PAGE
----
Ahh, financials. Every freelancer’s least favourite part of running their own business. You’ve pitched, landed the job, delivered your work, and now it’s time to get your money.
A surprisingly common question from new business owners is, well, how exactly do you do that? Luckily, help is at hand!
Who are you dealing with?
The primary point of contact in your client’s office most likely won’t be involved with their company finances in any way, and will simply forward your sales invoice through to their accounts department when you send it. It’s often easier for everyone if you deal with the accounts department directly.
When it comes time to settle up, ask for the contact details of whoever is responsible for actually paying your invoice. This way, you know they’ve actually received it, and if you have to chase them up you can get in touch with them directly.
How do you actually raise a sales invoice?
There are a number of ways to skin this particular cat. For first-timers, check out our free invoice templates, which is a simple fill-in-the-blanks process that’ll have you raising invoices in just a few minutes.
The next step towards invoicing professionalism is some kind of standalone invoicing software, which allows you to add your clients, tailor and beautify your invoices, and track your income. Luckily for you, Crunch has you covered with our free invoice software. You simply enter your business details, save your customer details and our invoice generator will help you get your invoices done and emailed quickly and easily.
The top tier, Rolls-Royce of invoicing would be some accounting software that’ll take care of your invoicing as well as calculate tax, run payroll and track expenses. At this point, hopefully, you’ll forgive us for mentioning Crunch’s simple online accounting software, which does just that.
What information are you legally required to include on an invoice?
HMRC require you to include certain details in every invoice you generate. You must include:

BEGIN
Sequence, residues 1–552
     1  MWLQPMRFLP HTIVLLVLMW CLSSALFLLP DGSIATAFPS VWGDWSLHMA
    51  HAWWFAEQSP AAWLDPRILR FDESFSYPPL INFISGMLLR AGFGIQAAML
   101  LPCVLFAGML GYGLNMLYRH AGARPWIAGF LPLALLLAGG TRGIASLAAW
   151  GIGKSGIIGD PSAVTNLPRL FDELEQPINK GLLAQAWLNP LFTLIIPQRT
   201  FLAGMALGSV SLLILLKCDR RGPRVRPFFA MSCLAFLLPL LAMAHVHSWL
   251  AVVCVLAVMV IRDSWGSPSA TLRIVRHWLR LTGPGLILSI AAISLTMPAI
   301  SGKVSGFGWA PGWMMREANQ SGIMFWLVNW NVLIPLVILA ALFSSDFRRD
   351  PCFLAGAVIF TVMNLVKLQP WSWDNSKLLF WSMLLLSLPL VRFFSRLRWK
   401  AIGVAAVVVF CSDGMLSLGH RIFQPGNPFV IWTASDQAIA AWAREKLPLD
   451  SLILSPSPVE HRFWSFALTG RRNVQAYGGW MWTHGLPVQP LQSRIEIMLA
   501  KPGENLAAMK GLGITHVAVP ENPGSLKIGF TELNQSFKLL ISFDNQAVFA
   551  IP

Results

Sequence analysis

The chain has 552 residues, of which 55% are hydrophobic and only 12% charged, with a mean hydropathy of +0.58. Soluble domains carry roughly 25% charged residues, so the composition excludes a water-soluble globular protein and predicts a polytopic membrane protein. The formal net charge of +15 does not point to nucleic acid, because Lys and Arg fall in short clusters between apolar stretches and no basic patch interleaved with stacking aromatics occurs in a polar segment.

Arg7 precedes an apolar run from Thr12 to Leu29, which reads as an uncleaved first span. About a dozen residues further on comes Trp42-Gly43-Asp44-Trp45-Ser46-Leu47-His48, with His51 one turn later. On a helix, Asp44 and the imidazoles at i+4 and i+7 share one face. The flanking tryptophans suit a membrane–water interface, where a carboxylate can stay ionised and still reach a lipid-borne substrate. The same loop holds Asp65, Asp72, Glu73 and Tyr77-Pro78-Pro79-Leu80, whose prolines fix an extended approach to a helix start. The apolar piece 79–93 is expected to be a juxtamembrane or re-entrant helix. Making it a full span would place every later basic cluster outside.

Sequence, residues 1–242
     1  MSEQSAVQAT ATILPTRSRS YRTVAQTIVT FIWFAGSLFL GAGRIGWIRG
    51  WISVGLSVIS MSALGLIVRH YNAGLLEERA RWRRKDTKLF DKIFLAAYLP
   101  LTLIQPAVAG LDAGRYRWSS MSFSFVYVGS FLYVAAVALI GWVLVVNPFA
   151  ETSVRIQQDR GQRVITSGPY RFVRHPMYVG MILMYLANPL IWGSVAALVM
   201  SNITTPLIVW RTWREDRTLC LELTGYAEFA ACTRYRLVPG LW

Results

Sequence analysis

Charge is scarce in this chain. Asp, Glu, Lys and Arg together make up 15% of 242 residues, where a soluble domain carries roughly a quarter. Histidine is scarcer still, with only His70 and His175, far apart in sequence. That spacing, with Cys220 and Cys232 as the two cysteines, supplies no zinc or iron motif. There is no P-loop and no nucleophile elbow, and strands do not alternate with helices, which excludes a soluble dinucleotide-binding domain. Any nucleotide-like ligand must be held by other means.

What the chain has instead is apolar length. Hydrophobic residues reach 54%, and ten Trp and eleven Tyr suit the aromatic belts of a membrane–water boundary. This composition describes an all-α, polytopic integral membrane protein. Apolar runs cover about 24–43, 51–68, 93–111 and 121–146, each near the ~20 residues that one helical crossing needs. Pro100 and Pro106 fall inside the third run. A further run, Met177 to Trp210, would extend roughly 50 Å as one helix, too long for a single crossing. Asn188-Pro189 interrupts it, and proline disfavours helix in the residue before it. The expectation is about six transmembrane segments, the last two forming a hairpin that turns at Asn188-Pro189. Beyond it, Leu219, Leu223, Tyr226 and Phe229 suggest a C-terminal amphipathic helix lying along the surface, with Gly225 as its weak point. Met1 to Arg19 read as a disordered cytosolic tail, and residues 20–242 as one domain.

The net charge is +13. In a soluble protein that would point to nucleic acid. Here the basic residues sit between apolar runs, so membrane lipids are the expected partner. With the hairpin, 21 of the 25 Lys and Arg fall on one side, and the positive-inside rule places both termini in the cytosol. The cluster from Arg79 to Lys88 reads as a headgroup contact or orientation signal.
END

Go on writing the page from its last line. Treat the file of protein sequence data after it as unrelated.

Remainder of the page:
- a unique identification number
- your company name, address, and contact information
- the company name and address of the customer you’re invoicing
a clear description of what you’re charging for
- a supply date (i.e. the date the goods/services were provided)
the date of the invoice
- a breakdown of the amount you’re charging your client
- the amount of VAT, applicable
- the total amount owed.
If you’re a sole trader, you’ll also need to include:
- your name and any business name being used
- an address where any legal documents can be delivered to you (if you are using a business name).
For limited companies, you need to include the full company name as it appears on your certificate of incorporation. If you need and/or decide to feature the names of any of your directors on your invoice, you need to make sure you include all of the directors.
How should you record the services you’re charging for?
When it comes to recording the services you’re charging the client for, there’s no ‘one size fits all’ answer, and will depend entirely on what you’re charging for. It may be as simple as one line item-listing the product or service you sold. For example:
- x1 company logo design @ £250
It’s always advisable to put as much detail as possible on your invoices. If you need to pull them out of your archive for any reason, you’ll be able to easily identify what they were for. For example, if I wrote three pieces for a magazine, I could invoice like this:
- x3 magazine articles @ £150
Or, more sensibly, I could list separate line items:
- Article “Why Ham Sandwiches are the best”
- Article “What Postman Pat can tell us about the US Financial crisis”
- Article “Five reasons the Internet makes you hungry”
The other form an invoice can take is that of a timesheet. For example, if you’re working for a client on an ongoing basis and billing by the hour. In this case, each line item should include the date, the hours worked, and the rate.
Should I put VAT on my invoice?
A common question, and one that never fails to stump new business owners. For a detailed response, have a look at our VAT article. An invoice should only include VAT if the company issuing it is VAT registered. If you’re not sure if you’re VAT registered, you aren’t. As your turnover increases, it’s something you’ll need to consider and an accountant can help you understand if you should consider registering.
When should you send your invoice?
Well, this one’s easy. As soon as your work is finished, and sooner if possible. If it’s a big job, consider asking for part-payment upfront, or staggering your invoices at set milestones. Don’t delay in issuing your invoices, either. If you’re sticking to the standard 28 days payment terms, waiting two weeks to issue the invoice is increasing the time before you get paid by 50%, which is bad news for your cashflow.
Invoice straight away, don’t mess around!
Congratulations, you’ve successfully invoiced your client. Next comes chasing payments, which is an entirely different kettle of fish. For some help there, download our credit control guide.